“Prediction: More providers will migrate to risk based models, including accountable care organizations (ACOs).
A major risk model is the ACO — including ones managed by Medicare that the Trump administration and CMS Administrator Seema Verma haven’t meddled with in their first year. “HHS hasn’t pulled back support on ACOs [and related performance based programs],” says Rosemarie Day, president of Day Health Strategies in Somerville, Mass., and a former deputy director of the Massachusetts Health Connector. “Maybe it’s because it doesn’t have the Obama label on it.” Indeed, Trump’s nominee for HHS secretary, Alex Azar, praised Medicare ACOs in his committee hearings (PBN 12/11/17)
Prediction: End of the ACA individual mandate would mean higher premiums and maybe cuts to Medicare and Medicaid — but some states may step up.
“The repeal of the individual mandate to purchase health insurance that’s contained in the tax bill is a problem, and we know that from our experience in Massachusetts, from having had reform without the mandate, that the healthier people didn’t purchase insurance until the mandate kicked in, even if they qualified for subsidies,” says Day. “So it does matter.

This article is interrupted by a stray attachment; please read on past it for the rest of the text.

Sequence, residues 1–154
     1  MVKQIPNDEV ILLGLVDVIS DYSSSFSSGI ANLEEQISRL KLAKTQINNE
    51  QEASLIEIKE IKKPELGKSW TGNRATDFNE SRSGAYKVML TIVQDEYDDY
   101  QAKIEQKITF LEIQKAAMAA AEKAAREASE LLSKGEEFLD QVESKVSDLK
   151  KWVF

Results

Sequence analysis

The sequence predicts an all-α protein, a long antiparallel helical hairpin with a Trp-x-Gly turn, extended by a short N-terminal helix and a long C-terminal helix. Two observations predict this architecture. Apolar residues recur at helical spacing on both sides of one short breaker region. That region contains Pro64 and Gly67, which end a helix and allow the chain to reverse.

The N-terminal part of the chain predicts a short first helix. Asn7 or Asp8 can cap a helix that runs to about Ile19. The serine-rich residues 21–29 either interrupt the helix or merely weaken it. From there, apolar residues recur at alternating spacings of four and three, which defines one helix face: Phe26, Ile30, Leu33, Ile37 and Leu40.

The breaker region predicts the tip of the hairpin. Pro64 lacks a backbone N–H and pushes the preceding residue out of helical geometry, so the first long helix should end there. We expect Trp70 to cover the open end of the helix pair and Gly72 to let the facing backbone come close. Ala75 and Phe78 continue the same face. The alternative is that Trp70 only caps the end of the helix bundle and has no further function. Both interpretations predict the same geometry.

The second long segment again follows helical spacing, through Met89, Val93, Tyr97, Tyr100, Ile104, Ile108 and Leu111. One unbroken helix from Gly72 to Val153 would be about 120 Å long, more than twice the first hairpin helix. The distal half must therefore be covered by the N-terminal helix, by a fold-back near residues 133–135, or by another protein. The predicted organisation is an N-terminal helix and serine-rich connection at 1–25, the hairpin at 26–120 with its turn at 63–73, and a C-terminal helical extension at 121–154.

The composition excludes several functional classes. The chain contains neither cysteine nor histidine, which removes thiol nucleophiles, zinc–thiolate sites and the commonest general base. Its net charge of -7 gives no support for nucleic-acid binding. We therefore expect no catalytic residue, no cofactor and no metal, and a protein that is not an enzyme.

It’s been proven.”
Day also expects the Republicans will come after Medicare and Medicaid as part of their “entitlement reform” plan soon. After the tax bill, “there’ll be ‘not enough money’ for Medicare and Medicaid,” she predicts. “So, they’ll ask, how do we tighten up the programs?”
While states can’t do much with Medicare, they can do something about their own insurance markets — in fact, some Californians have proposed that the state put in its own mandate, as Massachusetts did in the days of Romneycare. “I’ve had some states ask me about that behind the scenes,” says Day. “I think a state with a state based exchange that has the infrastructure and a critical mass of people in the government who understand enough to work with the insurance commissioner on it could create a potential nexus of advocacy to support the legitimacy of a state based individual mandate.”
And while Medicaid cuts will be painful, the added state flexibility of waivers and vouchers that Republicans often tout as the upside of reform could be used by more progressive states to improve care for some of its most needful citizens. “Something we’re working on here in Massachusetts is ACOs for Medicaid — an idea that has only gained a modest foothold in this country,” says Day. “Massachusetts is committed to making the model work for its harder to serve population.””
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